'Bleak Shop' really is

Now and then, one falls in love - platonically - with amusing men.

Most recently for this column, those amusing men have been David Mitchell and Robert Webb, whose show That Mitchell and Webb Look has been on Sky.

The two comedians were also behind Peep Show, which provided 22 minutes or so of relief each week from the cruel drudgery of life.

TMWL had some regular highlights, including "A Prayer and a Pint with Donny Cosy".

Each week Donny would host his short Christian show somewhere completely inappropriate, like Tehran, Tokyo or recently at the Hadron Collider in Switzerland.

It would always end with a hymn that goes:

"All I want to do, All I want to do, All I want to do is praise him.

All I want to do, All I want to do, All I want to do is praise him.

What do I want to do?

What do I want to do?

What do I want to do?

Praise him.

Who do I want to praise?

Who do I want to praise?

Who do I want to praise?

GOD!"

It makes me laugh, even without Phil and Meg McQueen from Sussex - not as it earlier appeared, from Bumsex.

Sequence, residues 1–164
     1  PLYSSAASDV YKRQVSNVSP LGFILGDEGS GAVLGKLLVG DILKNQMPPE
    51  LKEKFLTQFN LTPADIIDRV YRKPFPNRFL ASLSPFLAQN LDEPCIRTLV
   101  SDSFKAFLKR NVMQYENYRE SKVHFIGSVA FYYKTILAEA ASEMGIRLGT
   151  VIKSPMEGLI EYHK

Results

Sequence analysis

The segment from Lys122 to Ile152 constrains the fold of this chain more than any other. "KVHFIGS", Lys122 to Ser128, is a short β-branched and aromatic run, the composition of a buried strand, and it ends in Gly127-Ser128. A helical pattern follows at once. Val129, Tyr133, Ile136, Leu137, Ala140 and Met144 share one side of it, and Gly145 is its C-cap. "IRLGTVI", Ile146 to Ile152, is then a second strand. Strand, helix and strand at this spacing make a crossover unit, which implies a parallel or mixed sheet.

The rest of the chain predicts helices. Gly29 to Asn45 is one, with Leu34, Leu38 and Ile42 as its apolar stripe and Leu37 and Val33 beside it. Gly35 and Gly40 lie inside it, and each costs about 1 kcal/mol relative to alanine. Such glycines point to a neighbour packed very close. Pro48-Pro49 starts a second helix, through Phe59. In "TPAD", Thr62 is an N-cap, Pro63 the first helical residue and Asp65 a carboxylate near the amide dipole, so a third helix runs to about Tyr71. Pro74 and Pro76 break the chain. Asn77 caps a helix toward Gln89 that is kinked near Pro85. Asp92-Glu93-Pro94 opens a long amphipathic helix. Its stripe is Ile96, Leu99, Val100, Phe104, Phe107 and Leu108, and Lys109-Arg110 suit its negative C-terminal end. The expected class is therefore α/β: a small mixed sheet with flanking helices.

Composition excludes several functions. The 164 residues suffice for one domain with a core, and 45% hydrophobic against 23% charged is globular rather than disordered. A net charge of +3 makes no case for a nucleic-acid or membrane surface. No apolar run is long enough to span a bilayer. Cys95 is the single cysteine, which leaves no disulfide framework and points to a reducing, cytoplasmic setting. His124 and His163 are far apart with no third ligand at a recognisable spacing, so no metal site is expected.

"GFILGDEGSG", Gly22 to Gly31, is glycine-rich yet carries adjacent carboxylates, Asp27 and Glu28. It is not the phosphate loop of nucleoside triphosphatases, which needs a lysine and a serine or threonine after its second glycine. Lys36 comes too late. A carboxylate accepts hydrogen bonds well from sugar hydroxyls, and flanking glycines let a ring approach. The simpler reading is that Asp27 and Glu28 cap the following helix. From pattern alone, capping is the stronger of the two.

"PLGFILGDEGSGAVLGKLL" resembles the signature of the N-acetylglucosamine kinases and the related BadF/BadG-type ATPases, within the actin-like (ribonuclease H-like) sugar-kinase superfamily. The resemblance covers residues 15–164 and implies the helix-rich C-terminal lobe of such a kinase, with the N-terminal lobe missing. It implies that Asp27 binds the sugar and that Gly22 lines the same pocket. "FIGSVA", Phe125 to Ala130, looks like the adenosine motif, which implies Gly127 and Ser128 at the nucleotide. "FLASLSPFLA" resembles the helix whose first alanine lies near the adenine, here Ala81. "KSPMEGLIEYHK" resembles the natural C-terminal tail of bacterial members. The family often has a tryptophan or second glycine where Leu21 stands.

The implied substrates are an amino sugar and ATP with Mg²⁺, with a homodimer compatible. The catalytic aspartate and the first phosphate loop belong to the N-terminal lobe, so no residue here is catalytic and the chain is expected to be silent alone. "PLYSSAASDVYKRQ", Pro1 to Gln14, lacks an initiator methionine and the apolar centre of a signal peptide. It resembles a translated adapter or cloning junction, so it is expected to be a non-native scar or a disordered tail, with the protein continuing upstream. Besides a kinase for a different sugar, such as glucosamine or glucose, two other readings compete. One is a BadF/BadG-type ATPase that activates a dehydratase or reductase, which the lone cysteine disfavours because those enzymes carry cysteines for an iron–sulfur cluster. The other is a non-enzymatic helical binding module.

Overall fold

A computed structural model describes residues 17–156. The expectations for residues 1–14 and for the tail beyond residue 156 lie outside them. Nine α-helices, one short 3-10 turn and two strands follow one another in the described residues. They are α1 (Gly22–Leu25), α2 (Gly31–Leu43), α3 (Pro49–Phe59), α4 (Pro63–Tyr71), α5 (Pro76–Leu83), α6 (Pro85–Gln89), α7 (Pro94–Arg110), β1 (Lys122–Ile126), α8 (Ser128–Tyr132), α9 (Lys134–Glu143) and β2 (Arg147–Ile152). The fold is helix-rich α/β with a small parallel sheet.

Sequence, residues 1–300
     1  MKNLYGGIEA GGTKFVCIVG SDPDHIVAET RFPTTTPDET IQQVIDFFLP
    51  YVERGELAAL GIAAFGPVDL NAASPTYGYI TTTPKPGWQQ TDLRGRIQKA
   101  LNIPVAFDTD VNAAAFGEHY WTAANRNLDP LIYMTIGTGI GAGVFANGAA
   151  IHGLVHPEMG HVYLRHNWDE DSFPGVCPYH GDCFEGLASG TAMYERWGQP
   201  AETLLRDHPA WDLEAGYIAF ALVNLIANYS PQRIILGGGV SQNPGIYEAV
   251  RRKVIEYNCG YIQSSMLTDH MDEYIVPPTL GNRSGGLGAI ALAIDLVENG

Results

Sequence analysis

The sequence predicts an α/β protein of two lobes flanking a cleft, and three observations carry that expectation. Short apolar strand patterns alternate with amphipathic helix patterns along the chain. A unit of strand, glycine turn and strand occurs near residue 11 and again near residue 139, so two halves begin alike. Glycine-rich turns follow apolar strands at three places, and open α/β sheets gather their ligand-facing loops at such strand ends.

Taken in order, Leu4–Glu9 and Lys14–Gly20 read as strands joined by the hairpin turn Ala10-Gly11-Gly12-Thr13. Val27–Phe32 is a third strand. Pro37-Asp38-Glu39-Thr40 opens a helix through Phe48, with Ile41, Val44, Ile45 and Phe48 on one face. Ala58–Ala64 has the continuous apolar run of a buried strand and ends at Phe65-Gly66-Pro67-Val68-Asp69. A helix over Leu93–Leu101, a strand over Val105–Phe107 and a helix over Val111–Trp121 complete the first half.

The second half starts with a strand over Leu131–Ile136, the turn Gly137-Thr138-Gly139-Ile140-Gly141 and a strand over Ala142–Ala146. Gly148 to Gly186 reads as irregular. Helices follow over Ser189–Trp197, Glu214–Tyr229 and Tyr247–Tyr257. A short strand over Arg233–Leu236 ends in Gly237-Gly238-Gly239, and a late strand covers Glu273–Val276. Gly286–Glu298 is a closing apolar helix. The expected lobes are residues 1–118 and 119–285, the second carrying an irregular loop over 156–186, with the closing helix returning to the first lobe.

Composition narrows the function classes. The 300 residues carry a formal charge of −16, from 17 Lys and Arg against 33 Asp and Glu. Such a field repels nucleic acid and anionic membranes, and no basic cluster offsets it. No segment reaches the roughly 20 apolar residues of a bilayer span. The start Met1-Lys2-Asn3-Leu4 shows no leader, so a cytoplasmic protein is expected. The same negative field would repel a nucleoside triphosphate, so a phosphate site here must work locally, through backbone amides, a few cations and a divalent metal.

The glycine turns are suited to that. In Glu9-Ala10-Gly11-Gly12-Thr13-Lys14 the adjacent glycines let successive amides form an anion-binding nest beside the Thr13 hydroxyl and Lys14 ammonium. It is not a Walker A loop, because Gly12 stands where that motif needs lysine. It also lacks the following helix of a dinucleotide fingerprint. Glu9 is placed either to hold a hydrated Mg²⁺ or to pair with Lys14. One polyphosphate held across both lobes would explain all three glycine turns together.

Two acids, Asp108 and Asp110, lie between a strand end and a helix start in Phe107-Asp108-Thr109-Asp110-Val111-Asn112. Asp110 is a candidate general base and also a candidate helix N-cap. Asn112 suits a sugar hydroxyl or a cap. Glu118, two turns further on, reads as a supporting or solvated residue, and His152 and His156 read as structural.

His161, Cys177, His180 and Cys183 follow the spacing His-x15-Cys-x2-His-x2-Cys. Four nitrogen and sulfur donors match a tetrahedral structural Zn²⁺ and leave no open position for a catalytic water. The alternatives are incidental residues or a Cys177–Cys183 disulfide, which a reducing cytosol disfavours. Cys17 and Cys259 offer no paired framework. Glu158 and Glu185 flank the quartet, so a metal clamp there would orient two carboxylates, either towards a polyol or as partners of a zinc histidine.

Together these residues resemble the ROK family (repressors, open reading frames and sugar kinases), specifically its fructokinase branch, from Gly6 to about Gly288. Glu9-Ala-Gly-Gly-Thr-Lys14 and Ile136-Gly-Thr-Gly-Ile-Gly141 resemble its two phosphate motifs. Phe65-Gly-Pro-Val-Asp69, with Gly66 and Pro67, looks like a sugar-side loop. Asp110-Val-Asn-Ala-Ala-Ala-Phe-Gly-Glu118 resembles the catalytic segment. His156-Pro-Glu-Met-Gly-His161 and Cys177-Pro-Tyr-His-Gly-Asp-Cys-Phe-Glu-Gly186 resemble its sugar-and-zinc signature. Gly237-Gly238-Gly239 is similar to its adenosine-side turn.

You had to be there.

It was with this unfettered hilarity fresh in my synapses that I approached the Bleak Old Shop of Stuff, beginning on December 2 on UKTV.

I wasn't put off by reviewer Zoe Williams, of the Guardian.

I wasn't put off, because I'm sure the Guardian hires really fancy people who are well connected and say amusing things at dinner parties, instead of doing what I do - becoming quickly uncomfortable, drinking too much and then getting quite nasty at someone vulnerable who has recently suffered a death in the family that everyone knew about but me.

Why wasn't I told?

I'm sure the Guardian hires people that don't like television at all.

I'm sure.

So I set aside Zoe's comments, which noted the show "just isn't funny".

I ignored the sub-headline that described it as "bland and unfunny".

I sniffed at the soooooo clever reviewer from the fancy-schmantz paper that slagged it off so easily.

Because besides Mitchell and Webb being involved, Stephen Fry and Adrian Edmondson feature.

Not only that, it's a parody, of sorts, of Charles Dickens, which makes it literary and highbrow.

Bleak Old Shop of Stuff draws its title from Bleak House and The Old Curiosity Shop.

I watched it.

For about 15 minutes.

It just isn't funny.

It has great comedians involved but ... but ... it's bland and unfunny.

Good night.

 

- Charles Loughrey.